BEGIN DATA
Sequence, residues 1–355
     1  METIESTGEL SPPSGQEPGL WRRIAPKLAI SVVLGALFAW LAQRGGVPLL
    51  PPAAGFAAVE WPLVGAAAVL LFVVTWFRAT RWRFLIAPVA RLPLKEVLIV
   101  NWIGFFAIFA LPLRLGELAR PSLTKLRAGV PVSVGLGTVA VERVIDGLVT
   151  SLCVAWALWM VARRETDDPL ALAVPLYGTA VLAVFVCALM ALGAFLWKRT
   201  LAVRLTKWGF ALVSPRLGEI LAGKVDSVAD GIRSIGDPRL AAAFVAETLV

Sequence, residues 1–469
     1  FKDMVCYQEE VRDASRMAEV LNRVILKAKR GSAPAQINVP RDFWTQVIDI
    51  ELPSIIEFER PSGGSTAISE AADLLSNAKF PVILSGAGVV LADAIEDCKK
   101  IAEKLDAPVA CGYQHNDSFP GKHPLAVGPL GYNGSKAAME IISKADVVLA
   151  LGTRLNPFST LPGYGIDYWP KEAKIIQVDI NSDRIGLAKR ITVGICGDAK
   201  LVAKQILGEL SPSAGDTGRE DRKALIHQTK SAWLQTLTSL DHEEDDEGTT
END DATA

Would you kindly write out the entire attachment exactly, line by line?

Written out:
Sequence, residues 1–355
     1  METIESTGEL SPPSGQEPGL WRRIAPKLAI SVVLGALFAW LAQRGGVPLL
    51  PPAAGFAAVE WPLVGAAAVL LFVVTWFRAT RWRFLIAPVA RLPLKEVLIV
   101  NWIGFFAIFA LPLRLGELAR PSLTKLRAGV PVSVGLGTVA VERVIDGLVT
   151  SLCVAWALWM VARRETDDPL ALAVPLYGTA VLAVFVCALM ALGAFLWKRT
   201  LAVRLTKWGF ALVSPRLGEI LAGKVDSVAD GIRSIGDPRL AAAFVAETLV

Sequence, residues 1–469
     1  FKDMVCYQEE VRDASRMAEV LNRVILKAKR GSAPAQINVP RDFWTQVIDI
    51  ELPSIIEFER PSGGSTAISE AADLLSNAKF PVILSGAGVV LADAIEDCKK
   101  IAEKLDAPVA CGYQHNDSFP GKHPLAVGPL GYNGSKAAME IISKADVVLA
   151  LGTRLNPFST LPGYGIDYWP KEAKIIQVDI NSDRIGLAKR ITVGICGDAK
   201  LVAKQILGEL SPSAGDTGRE DRKALIHQTK SAWLQTLTSL DHEEDDEGTT